Last revised: September 9, 2016
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PROPER 17 (Aug. 28-Sept. 3) — YEAR C / Ordinary Time 22
RCL: Proverbs 25:6-7 (Luth.); Hebrews 13:1-8,15-16; Luke 14:1, 7-14
RoCa: Sirach 3:17-18, 20, 28-29; Hebrews 12:18-19, 22-24; Luke 14:1, 7-14
Reflections and Questions
1. Out of context, this is rather standard conventional wisdom. In the context of faith in Yahweh, do these verses become more than conventional wisdom? See the discussion below concerning Borg’s distinction between conventional wisdom and Jesus’ unconventional wisdom.
Hebrews 13:1-8, 15-16
1. See Proper 14C for a Girardian bibliography on Hebrews.
2. For a more thorough Girardian assessment of the word “sacrifice,” as used in verses 15-16, see Raymund Schwager‘s essay “Christ’s Death and the Prophetic Critique of Sacrifice,” Semeia 33, pp. 109-123.
Reflections and Questions
1. In his excellent commentary on Hebrews (Interpretation), Thomas C. Long quotes (on p. 143) the third century book on church order “Didascalia,” giving instructions to the bishop:
If a destitute man or woman, either a local person or a traveler, arrives unexpectedly, especially one of older years, and there is no place, you, bishop, make such a place with all your heart, even if you yourself should sit on the ground, that you may not show favoritism among human beings, but that your ministry may be pleasing before God.”
The letter to Hebrews, in its closing remarks, reflects the kind of hospitality in the early church that Jesus suggests in today’s gospel. Long also raises a contrast with a passage from the Qumran community:
How have we done on that score since the early years of the church? Are we closer to the “Didascalia,” or to the community order reflected in this passage from a Qumran text?:
And let no person smitten with any impurity whatever enter the Assembly of God. And every person smitten with these impurities, unfit to occupy a place in the midst of the Congregation, and every (person) smitten in his flesh, paralyzed in his hands and feet, lame or blind or deaf, or dumb or smitten in his flesh with a blemish visible to the eye, or any aged person that totters and is unable to stand firm in the midst of the Congregation: let those persons not enter.” [1QSa 2:3-8, quoted by Culpepper in The New Interpreter’s Bible, vol. 8, p. 287.]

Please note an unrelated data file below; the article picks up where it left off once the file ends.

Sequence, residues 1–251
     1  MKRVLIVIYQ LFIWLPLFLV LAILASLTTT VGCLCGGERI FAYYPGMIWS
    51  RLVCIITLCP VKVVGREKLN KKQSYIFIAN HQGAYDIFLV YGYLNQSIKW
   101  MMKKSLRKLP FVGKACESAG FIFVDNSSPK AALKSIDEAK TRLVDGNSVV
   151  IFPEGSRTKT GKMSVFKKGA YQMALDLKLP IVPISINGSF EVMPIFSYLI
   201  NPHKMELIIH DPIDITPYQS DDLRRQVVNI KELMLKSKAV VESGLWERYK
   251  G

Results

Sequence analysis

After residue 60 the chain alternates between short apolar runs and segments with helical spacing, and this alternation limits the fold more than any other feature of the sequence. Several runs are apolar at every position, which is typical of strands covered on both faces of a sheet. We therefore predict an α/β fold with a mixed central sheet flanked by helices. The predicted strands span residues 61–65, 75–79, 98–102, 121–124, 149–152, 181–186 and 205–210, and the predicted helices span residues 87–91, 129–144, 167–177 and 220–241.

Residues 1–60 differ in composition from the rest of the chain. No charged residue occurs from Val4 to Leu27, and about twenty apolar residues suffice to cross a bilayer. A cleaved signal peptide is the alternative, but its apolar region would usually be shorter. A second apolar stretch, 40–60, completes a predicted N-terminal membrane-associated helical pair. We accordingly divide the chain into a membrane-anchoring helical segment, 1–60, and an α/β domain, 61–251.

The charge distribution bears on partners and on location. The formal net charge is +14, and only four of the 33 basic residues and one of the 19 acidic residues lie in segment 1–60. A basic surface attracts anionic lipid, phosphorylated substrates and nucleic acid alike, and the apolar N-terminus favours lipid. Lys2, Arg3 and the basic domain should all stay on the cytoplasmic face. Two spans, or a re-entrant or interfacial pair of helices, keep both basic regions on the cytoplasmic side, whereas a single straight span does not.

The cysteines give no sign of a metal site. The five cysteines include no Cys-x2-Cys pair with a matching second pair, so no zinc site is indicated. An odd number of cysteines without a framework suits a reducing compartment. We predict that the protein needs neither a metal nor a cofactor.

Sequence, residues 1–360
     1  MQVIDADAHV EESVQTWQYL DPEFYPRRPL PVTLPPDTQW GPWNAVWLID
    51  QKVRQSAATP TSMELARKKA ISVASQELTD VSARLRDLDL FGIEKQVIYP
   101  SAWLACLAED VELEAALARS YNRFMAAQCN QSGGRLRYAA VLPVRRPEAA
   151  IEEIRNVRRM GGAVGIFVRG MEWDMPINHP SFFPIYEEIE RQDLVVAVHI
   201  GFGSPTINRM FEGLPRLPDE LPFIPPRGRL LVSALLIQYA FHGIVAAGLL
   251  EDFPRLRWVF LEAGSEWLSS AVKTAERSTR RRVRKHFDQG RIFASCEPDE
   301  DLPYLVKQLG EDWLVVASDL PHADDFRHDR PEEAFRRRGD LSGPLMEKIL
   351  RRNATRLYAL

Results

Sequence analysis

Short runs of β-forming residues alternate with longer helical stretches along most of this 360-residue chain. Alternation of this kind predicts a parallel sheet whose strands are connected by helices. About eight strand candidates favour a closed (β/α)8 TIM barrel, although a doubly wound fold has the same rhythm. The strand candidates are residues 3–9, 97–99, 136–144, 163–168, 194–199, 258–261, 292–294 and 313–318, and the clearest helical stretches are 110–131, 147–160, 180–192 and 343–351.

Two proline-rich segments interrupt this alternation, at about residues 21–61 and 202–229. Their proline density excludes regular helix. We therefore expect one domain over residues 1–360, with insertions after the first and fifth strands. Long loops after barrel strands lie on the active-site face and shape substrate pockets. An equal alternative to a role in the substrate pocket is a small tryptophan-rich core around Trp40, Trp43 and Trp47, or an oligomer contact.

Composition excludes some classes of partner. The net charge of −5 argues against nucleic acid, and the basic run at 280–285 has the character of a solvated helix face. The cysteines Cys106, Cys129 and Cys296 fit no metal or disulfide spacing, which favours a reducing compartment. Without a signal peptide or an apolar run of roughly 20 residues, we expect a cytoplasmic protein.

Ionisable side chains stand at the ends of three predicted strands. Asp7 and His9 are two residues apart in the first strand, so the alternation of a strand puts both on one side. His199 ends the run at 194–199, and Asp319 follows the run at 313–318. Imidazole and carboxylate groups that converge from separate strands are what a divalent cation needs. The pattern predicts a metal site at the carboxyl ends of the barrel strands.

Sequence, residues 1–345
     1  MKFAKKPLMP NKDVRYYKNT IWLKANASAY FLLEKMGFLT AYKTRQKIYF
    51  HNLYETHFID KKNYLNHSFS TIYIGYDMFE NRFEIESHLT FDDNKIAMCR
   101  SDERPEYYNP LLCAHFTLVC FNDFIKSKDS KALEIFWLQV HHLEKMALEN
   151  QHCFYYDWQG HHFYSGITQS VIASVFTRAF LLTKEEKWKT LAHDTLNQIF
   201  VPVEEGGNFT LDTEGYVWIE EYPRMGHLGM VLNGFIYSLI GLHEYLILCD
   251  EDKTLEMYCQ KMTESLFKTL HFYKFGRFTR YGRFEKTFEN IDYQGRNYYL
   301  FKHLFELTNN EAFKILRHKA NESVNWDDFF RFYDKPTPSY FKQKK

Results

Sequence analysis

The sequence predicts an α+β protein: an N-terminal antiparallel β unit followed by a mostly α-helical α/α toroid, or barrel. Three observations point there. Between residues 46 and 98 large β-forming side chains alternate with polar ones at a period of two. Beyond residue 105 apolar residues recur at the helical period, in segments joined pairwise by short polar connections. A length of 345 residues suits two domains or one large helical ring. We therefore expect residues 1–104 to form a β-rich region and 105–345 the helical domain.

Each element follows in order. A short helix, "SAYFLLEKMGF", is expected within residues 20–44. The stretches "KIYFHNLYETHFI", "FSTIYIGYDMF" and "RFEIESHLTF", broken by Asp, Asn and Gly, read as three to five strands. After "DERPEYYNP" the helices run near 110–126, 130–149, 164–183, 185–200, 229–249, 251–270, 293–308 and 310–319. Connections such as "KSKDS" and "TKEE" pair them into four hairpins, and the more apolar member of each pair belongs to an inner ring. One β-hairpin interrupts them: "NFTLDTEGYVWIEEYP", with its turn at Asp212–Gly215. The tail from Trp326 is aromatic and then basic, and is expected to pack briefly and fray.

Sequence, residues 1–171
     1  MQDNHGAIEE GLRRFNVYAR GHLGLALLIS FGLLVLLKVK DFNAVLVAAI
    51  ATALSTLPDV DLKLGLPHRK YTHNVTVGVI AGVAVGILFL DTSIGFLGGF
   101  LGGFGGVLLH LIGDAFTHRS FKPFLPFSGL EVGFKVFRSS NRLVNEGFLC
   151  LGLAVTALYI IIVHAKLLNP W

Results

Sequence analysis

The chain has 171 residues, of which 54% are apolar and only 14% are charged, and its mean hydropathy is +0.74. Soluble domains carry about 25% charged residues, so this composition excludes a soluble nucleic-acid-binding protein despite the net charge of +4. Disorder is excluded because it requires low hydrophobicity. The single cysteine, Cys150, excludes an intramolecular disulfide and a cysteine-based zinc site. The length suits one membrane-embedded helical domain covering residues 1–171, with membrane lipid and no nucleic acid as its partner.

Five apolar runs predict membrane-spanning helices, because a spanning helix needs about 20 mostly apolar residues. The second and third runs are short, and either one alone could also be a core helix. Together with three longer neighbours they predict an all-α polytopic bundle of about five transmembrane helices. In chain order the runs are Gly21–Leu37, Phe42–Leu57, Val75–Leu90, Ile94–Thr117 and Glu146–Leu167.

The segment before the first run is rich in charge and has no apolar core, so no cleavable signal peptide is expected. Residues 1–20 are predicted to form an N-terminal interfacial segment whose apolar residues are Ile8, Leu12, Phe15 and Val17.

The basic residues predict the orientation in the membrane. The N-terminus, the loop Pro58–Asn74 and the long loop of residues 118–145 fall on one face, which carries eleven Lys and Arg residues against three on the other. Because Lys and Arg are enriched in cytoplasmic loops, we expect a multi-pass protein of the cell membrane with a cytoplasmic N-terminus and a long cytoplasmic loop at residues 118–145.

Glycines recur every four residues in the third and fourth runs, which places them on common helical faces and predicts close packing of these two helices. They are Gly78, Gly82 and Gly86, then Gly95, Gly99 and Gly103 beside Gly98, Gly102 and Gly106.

My assessment would be that, over the centuries we have fallen back closer to the latter rather than the former. Most handicapped people could not even get into our churches until the government began to require changes that finally woke us up to a renewed sense of hospitality. And what if we evaluated our hospitality in terms of ‘moral blemish’? People with addictions felt so unwelcome that they started their own communities, Alcoholics Anonymous, et al. Until recent years, getting a divorce also meant having to leave the church to avoid its judgmental rules and attitudes. A big issue in my denomination (ELCA) right now is being a “Reconciled in Christ” congregation, a congregation which is sensitive to ways in which it is welcoming or unwelcoming of gays and lesbians.
2. The more recent Girardian assessment of the word “sacrifice” allows for the more positive sense of the word, especially as transformed by Christ from the old form of sacrifice, spilling someone else’s blood, to meaning “self-sacrifice.” The Letter to the Hebrews has already explicitly noted the difference:
Nor was it [for Christ] to offer himself again and again, as the high priest enters the Holy Place year after year with blood that is not his own; for then [Christ] would have had to suffer again and again since the foundation of the world. But as it is, he has appeared once for all at the end of the age to remove sin by the sacrifice of himself. (Hebrews 9:25-26)